All of this matters in large part because the character of Sheldon Cooper has often been divisive. Initially introduced on The Big Bang Theory as one of television’s few characters on the autistic spectrum — though never officially declared as such — Sheldon’s every choice and gesture was scrutinized for his first few years on the air, for how well it represented people with ASD. Since then, TV has introduced many more openly autistic characters (including in yet another of this fall’s new hits, The Good Doctor), and Sheldon’s gone back to being a more common sitcom eccentric.

As played by the talented child actor Iain Armitage (seen also this year in HBO’s Big Little Lies), the young Sheldon doesn’t wholly resemble the older Sheldon, which means that he comes across more as one of pop culture’s precocious braniacs, and not as someone with a neurological disorder. Still, there’s something poignant about his obliviousness to his family’s kindness, and to the vivid local color that was the background to his youth. It’s almost like Young Sheldon is telling two stories: One about the highs and lows of life in Texas, and one about a man too locked in his own head to appreciate the former.

Let me be clear: I am by no means saying that Young Sheldon is TV’s best sitcom, or even in the top tier. One of the problems with the current way we talk about television is that a modest suggestion like “Hey, if you’re looking for something to watch, this is better than you might think” gets squeezed through social media’s tight constraints and comes out as overhype. Young Sheldon has only been on the air for a couple of months. It’s still finding its voice.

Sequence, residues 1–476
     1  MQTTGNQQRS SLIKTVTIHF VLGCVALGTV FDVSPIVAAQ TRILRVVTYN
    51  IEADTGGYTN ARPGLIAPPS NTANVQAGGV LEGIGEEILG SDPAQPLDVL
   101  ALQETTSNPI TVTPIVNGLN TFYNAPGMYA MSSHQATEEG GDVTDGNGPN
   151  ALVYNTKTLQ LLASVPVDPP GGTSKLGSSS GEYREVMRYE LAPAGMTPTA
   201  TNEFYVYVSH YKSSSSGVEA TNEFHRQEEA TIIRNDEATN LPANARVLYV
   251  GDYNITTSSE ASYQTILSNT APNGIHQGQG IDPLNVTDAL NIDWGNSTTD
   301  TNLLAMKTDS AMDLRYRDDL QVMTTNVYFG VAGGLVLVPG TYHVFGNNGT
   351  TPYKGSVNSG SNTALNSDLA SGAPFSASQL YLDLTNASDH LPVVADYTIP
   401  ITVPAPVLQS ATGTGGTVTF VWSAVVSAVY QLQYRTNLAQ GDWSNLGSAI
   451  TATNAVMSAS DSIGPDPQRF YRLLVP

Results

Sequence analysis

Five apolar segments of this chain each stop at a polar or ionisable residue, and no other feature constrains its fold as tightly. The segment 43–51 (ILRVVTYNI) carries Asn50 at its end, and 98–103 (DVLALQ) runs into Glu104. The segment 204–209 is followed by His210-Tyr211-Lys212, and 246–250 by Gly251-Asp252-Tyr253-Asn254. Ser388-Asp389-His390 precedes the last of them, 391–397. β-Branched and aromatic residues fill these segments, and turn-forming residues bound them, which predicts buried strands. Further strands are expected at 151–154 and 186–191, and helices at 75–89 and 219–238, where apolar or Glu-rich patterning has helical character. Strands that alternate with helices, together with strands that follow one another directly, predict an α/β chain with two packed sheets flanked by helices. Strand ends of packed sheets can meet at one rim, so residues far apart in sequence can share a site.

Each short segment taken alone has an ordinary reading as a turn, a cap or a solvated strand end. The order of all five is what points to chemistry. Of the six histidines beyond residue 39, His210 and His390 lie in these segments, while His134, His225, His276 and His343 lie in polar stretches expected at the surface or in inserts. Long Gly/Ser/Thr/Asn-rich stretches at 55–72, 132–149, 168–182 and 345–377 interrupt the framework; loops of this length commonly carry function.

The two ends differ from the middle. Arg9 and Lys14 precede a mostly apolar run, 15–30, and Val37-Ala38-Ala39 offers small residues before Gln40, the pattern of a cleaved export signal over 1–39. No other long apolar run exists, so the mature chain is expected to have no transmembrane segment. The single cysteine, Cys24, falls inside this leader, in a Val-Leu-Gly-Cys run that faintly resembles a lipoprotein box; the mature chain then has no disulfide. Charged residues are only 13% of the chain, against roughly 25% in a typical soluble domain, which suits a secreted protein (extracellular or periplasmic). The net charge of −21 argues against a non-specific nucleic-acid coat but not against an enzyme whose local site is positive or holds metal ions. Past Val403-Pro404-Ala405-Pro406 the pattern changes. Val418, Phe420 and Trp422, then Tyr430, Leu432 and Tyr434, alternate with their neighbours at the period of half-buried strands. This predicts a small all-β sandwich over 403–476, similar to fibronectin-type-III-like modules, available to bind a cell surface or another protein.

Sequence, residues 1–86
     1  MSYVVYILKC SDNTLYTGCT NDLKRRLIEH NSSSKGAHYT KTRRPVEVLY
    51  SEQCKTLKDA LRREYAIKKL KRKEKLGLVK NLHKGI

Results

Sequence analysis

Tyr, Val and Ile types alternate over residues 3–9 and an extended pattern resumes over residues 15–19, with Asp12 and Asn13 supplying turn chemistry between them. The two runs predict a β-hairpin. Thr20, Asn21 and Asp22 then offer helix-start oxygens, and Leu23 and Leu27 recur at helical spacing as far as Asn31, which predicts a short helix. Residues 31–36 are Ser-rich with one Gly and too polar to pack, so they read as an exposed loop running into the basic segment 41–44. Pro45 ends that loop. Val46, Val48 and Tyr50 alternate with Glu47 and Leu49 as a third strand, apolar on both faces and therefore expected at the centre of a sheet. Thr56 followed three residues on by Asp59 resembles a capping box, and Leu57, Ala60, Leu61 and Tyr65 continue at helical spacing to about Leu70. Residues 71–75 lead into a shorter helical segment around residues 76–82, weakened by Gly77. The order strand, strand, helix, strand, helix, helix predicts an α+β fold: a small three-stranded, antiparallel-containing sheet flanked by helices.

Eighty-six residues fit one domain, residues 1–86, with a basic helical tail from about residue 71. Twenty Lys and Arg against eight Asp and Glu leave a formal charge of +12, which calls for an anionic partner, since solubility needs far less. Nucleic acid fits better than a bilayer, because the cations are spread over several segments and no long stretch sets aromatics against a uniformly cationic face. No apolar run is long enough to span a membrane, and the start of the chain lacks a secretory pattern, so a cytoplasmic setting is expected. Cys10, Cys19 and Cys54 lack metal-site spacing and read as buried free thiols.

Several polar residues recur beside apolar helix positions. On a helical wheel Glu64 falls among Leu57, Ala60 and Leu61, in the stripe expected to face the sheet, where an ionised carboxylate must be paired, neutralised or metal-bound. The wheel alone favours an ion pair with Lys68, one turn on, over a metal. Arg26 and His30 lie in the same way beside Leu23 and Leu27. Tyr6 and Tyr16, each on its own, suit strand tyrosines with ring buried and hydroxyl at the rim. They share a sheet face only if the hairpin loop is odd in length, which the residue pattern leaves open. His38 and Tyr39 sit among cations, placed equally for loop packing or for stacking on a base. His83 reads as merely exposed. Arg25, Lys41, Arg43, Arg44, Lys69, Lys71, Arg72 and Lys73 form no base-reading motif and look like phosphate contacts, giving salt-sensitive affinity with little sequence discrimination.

The good news though is that the high ratings should mean that the show has plenty of time to mature, and to develop its minor characters and recurring motifs more (as Mom and The Big Bang Theory have done). And if nothing else, Young Sheldon’s relatively muted tones and slower pace of have already been a nice change from ABC’s similar single-camera family sitcoms, which — while very good — have developed a kind of zippy house style that can make their elements seem interchangeable.

I’m also by no means implying that my fellow critics are falling down on the job by not covering Young Sheldon more aggressively. I have an embarrassingly large list of acclaimed and/or popular shows I don’t watch. I’ve never seen a minute of This Is Us, for example. And I’m stubbornly resistant to the charms of countless beloved series, from Nathan for You to Casual.

Still, it says something about television in 2017 that a Top 10 sitcom with a distinctive point-of-view barely moves the needle in terms of the larger critical conversation. The main thing it says is that there’s just too much TV. And on a slightly smaller level, it says that we’ve become a fragmented culture, sorted into sealed bubbles.

Neither of those are original insights, I realize. They’re pretty much been the starting point for every discussion of television trends for the past five years. But in this year when the great migration of “content” to new standalone subscription streaming services really began in earnest (thanks to Young Sheldon’s network home, CBS), I do worry that it’s only a matter of time before something that 10 million people watch every week becomes the best show you’ve never heard of… because none of those 10 million are talking to you.